Council saves £230,000 through installation of ground source heat pumps

 The Riverside Centre, an adolescent services office and, Stakeford Depot, a 3,000m2 council depot including offices and workshops, were identified by Northumberland County Council as being in desperate need of heating upgrades. Existing heating systems were failing, resulting in high running costs, high maintenance costs and poor comfort for the building occupants.

 and can be used in difficult situationsFollowing a rigorous approval process by the Council to ensure that ground source heat pump works would deliver cost effectiveness and environmental benefits, works were permitted to proceed.

The resulting works are estimated to be saving the council around £230,000 in running costs and will generate over £900,000 through the Non-Domestic Renewable Heat Incentive over 20 years.

The Riverside Centre is off the gas grid, and was heated by failing electric night storage heaters. As a result the building suffered from high running costs, poor comfort and high carbon emissions. The annual space heating demand was 32,000 kWh.Used by children’s services and the youth offending service, the building had to remain open at all times. As a consequence, with vulnerable people often on site, the internal installation programme was carefully designed with the building occupiers to minimise disruption.

At just under 3,000m2 the Stakeford Depot is the largest commercial premises to feature Kensa ground source heat pumps and has an annual heat demand of 320,000 kWh.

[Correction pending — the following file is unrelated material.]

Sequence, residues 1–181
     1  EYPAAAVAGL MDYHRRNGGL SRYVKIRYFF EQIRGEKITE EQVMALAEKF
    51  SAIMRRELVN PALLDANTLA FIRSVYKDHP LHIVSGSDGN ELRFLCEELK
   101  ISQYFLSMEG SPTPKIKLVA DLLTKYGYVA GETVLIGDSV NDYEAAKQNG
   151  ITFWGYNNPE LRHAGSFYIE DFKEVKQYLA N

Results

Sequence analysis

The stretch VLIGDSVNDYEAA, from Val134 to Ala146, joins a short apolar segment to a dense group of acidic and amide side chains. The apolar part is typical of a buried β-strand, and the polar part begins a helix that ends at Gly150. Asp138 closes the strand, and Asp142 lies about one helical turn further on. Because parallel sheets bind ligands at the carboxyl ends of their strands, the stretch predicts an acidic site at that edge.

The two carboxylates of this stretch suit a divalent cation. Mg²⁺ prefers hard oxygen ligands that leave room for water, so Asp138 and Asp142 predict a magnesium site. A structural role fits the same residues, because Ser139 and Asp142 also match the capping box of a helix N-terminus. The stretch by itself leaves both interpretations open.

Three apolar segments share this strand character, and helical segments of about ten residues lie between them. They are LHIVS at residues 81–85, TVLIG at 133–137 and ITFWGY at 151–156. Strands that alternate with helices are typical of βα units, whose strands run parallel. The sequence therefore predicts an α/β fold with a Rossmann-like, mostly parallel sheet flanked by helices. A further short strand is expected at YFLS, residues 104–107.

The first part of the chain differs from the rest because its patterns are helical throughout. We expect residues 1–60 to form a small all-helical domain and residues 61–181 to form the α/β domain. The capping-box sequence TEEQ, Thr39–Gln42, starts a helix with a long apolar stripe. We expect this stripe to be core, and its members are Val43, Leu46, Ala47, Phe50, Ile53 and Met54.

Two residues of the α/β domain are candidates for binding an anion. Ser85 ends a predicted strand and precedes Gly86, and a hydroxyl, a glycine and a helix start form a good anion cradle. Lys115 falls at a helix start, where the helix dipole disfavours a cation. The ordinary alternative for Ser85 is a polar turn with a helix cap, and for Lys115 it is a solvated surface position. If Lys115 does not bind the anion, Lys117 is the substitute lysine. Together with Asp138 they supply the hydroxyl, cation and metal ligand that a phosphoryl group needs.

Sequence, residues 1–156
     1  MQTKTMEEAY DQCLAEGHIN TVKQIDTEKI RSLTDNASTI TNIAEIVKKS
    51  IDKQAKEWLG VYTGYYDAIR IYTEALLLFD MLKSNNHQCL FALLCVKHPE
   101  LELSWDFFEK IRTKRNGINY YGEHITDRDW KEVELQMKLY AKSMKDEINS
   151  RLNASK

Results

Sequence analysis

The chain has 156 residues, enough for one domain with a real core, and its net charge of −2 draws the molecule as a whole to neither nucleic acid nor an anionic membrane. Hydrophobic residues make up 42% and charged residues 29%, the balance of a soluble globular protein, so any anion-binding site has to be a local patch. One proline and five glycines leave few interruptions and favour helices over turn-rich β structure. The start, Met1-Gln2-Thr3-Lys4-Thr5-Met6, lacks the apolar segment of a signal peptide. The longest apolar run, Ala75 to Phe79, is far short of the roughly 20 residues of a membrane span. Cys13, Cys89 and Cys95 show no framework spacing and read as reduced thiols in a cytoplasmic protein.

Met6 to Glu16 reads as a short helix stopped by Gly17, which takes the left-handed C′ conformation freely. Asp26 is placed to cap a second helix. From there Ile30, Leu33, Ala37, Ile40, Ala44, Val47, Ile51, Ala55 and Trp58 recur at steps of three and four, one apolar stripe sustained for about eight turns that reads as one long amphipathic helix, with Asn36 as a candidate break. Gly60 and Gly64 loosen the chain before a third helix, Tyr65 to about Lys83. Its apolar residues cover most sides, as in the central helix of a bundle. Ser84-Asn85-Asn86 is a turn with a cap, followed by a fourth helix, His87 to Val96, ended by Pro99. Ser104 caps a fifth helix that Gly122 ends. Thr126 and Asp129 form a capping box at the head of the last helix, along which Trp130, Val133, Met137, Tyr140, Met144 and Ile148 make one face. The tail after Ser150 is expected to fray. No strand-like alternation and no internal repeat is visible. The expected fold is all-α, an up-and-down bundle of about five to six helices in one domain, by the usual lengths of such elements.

Unlike the Riverside Centre, the depot was heated by gas boilers. These had been failing for a number of years to such an extent that most offices had temporary electric heaters, while some even had permanent electric heaters installed. Consequently, running costs and carbon emissions were very high and occupant comfort was low. Consisting of a mixture of offices and workshops, during the works this building also remained occupied throughout the ground source heat pump works.

At each building a ground source heat pump system including boreholes and new wet heating system was installed and the old heating system was removed. Correct sizing of the heat pump and the heat emitters was achieved by carrying out detailed surveys to enable room specific heat losses to be calculated.

The internal works encompassed the installation of the ground source heat pumps within the plant rooms, including the installation of new pipework (re-using where possible), fittings, valves, pumps, and buffer vessels where required, new heat emitters (fan coil units and radiators), new wet heating distribution pipework, and of course the decommissioning and removal of the former heating system.

Great efforts were taken to minimise disruption and decoration post-installation as a consequence of the removal of the old system. Existing materials were used wherever possible, including distribution pipework, as well as sourcing new custom-built fan coil units to occupy the same footprint as the previous ageing models.

The full installation was designed to ensure that the systems met all eligibility criteria for the Non- Domestic Renewable Heat Incentive (RHI) and were successfully accredited.

 The estimated total benefits resulting from the ground source heat pump installations are:

  • Running cost savings of £240,000 over 20 years
  • RHI income of £900,000 over 20 years
  • Lifetime carbon emissions reduction of 1150 tonnes
  • NPV of the investment to be £96,000 after 20 years
  • IRR of 4.5% for Stakeford Depot, and 7.9% for the Riverside Centre

A small  part of the savings achieved have resulted from the installation of enhanced loft insulation.


The works at the Riverside Centre and Stakeford Depot have demonstrated that ground source heat pumps can become a mainstream heating solution for the thousands of public buildings that exist throughout the UK and can be used in difficult situations.